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Why microscopes are important?
Microscopy makes a big deal out of little things. Thanks to microscopes, scientists have the tools to visualize the microscopic worlds.
The modern microscopy doesn’t only advance our understanding of biology, many other fields, like chemistry, physics, material science, archaeology, and forensic science, all benefit from the incredible capability to see smaller things.
The field of microscopy dates back to the 17th-century. During that time, the optical microscopes were the most advanced scientific tools for the microbiologists (for example, Antonie van Leeuwenhoek) to learn the structure of cells.
In the 19th-century, following the Industrial Revolution, the glass lens was manufactured, and the optical microscopes became popular in universities around the world. Later, new components (like dark field, phase contrast, and differential interference contrast (DIC), Figure 1) were added to the optical microscope to make better observations of the certain types of specimens. Now, you can purchase a pretty decent optical microscope under $500.
The scientists keep inventing new types of microscopes. Most of these advanced microscopes are extremely expensive and can only be used in research institutes. Let’s see what these microscopes can do:
Confocal fluorescent microscope
A fluorescent microscope (Figure 2) is a very powerful tool for biomedical research. Instead of the bright light, a fluorescent microscope uses “fluorescent light” that is emitted by special chemicals or biological molecules to generate an image. Therefore, we can selectively see the specific structures (for example, the cytoskeleton that maintains the shape of cells in green color in Figure 3) inside living cells using specific fluorescent molecules (usually with antibodies).
The additional “confocal” apparatus can further increase the optical resolution and contrast of fluorescent images using a tiny pinhole to block out-of-focus light in image formation. With these high-resolution images, the scientists can learn in detail, for example, how cancer cells grow and how viruses infect healthy cells.
There are two types of electron microscopes (Fig4, EM). The transmission electron microscope (TEM) is used for thin specimens (like tissue sections) because electrons can pass through the specimens to generate a projection image (Fig 5. the organelles inside cells). On the other hand, the scanning electron microscope (SEM) can see the surface of a specimen (Fig 6. the protrusion of human cells).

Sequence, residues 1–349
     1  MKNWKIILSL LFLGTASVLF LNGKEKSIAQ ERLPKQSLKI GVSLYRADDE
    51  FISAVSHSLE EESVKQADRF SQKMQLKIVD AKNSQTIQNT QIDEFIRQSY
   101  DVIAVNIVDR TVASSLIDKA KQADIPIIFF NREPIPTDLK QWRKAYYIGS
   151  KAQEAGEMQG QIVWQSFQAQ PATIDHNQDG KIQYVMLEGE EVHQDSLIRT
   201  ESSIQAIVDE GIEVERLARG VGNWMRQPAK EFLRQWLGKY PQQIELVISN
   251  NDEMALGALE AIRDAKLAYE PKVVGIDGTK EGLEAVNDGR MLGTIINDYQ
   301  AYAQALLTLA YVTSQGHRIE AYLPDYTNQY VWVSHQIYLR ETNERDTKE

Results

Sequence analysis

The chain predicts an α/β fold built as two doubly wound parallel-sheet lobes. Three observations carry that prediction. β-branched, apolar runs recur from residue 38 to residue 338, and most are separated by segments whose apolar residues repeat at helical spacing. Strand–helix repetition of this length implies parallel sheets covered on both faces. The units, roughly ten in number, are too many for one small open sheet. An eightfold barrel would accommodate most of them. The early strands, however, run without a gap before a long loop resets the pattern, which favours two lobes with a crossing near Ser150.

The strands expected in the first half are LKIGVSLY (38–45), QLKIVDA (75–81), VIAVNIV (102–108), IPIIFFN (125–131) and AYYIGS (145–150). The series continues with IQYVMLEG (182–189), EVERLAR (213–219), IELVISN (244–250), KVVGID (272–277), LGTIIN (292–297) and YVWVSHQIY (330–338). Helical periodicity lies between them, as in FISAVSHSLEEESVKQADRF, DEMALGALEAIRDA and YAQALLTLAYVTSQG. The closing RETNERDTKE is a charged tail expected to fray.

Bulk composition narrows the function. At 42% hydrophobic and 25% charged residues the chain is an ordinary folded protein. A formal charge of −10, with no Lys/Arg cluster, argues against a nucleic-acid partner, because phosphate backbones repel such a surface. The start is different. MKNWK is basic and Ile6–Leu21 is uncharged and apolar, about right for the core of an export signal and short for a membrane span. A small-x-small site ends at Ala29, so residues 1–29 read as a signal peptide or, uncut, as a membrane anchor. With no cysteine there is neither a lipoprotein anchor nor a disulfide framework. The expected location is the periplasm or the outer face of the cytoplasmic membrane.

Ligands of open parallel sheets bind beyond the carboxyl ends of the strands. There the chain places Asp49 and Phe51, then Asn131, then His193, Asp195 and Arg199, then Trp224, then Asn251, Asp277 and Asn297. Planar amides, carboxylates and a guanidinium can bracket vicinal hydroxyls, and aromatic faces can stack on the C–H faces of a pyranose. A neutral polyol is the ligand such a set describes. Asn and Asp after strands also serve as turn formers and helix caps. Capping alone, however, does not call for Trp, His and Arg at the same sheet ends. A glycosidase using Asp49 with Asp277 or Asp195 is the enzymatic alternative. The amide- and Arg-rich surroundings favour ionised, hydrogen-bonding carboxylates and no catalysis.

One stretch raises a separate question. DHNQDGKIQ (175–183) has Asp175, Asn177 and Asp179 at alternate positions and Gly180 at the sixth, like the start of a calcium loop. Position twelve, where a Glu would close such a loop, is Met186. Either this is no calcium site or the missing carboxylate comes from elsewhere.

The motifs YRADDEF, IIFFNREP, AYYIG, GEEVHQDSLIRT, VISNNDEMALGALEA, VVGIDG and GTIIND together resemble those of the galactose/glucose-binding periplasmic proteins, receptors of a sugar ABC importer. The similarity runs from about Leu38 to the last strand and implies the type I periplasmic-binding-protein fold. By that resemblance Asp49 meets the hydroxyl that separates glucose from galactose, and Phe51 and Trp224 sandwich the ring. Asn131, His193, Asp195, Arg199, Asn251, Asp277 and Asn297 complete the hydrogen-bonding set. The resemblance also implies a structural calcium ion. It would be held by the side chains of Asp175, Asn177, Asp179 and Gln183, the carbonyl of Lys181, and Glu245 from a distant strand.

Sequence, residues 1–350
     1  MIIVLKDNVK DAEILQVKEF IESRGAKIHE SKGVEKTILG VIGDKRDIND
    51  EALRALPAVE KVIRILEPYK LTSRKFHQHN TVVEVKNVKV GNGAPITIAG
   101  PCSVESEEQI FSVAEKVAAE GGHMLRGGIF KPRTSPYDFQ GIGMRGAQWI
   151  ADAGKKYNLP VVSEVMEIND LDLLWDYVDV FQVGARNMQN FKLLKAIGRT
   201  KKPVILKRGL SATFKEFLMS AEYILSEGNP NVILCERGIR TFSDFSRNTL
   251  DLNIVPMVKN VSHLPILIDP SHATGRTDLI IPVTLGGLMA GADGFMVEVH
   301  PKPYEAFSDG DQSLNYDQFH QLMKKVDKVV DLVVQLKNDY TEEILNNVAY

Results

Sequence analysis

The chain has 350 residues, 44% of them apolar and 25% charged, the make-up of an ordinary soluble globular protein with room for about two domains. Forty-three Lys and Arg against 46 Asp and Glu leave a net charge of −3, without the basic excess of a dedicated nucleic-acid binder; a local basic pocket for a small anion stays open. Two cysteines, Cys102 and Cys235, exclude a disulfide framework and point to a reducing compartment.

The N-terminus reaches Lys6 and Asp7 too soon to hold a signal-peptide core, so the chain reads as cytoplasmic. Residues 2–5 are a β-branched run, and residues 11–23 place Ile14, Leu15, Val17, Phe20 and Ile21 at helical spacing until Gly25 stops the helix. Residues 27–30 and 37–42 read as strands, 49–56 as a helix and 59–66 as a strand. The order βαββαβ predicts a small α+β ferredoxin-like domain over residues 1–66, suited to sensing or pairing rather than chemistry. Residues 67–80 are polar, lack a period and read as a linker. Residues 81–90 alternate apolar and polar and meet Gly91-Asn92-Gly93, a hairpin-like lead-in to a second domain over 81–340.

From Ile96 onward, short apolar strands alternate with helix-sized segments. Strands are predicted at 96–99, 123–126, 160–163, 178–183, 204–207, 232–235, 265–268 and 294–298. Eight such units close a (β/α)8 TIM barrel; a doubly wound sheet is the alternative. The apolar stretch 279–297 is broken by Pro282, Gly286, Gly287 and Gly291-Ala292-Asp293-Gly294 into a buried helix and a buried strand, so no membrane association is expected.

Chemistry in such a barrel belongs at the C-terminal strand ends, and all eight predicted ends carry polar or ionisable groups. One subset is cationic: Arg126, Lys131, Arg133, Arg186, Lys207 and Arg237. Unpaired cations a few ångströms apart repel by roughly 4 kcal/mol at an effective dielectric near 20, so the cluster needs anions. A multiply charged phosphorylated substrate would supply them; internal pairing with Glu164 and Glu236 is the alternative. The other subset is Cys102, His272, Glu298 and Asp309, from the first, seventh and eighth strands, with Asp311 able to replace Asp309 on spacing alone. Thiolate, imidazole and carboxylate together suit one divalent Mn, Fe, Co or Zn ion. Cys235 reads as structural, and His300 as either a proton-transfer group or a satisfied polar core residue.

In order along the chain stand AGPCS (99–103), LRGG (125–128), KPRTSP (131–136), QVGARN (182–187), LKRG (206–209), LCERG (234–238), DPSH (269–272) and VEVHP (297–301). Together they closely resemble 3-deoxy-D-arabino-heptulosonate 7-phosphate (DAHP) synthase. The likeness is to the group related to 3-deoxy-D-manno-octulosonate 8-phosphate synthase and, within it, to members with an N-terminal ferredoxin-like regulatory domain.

how does electron microscope work
The resolution of optical microscopes is limited by the wavelength of light. In order to see even smaller features, the scientists have to find an illumination with a wavelength much smaller than the visible light.
An electron has both properties as a particle and a wave. As a result, an electron has a wavelength around ~1 nm depending on its energy states, whereas the wavelength of visible light is between 380 nm to 740 nm. This is why we can use electron microscopes to probe the tiny structure that an optical microscope cannot see.
Strictly speaking, X-ray crystallography (XRC) is not a typical microscope. However, XRC is the most powerful way for us to see the atomic structures of tiny molecules. XRC measures the diffraction patterns that are generated when an X-ray beam passes through a crystal (Fig 7). Then, a special computing software analyzes the patterns to calculate the structures of the molecules.
In this way, scientists have revealed the structure and function of many biological molecules, including vitamins, drugs, proteins, and nucleic acids such as DNA. Figure 8 shows several protein structures that were determined by XRC. The protein structures are usually displayed as colorful strings and ribbons in three-dimensional models. Biomedical researchers can learn how the protein works in our body by looking at their sharp or design a new drug to neutralize its action.
With the knowledge of several advanced microscopies, now you can easily understand the scale of biology and the tools you should use to study them.
- Rs’ Science – www.rsscience.com
- Microscopy-UK – www.microscopy-uk.org.uk
- Microbehunter – http://www.microbehunter.com
- MicroscopyU – www.microscopyu.com
- GeneEd – geneed.nlm.nih.gov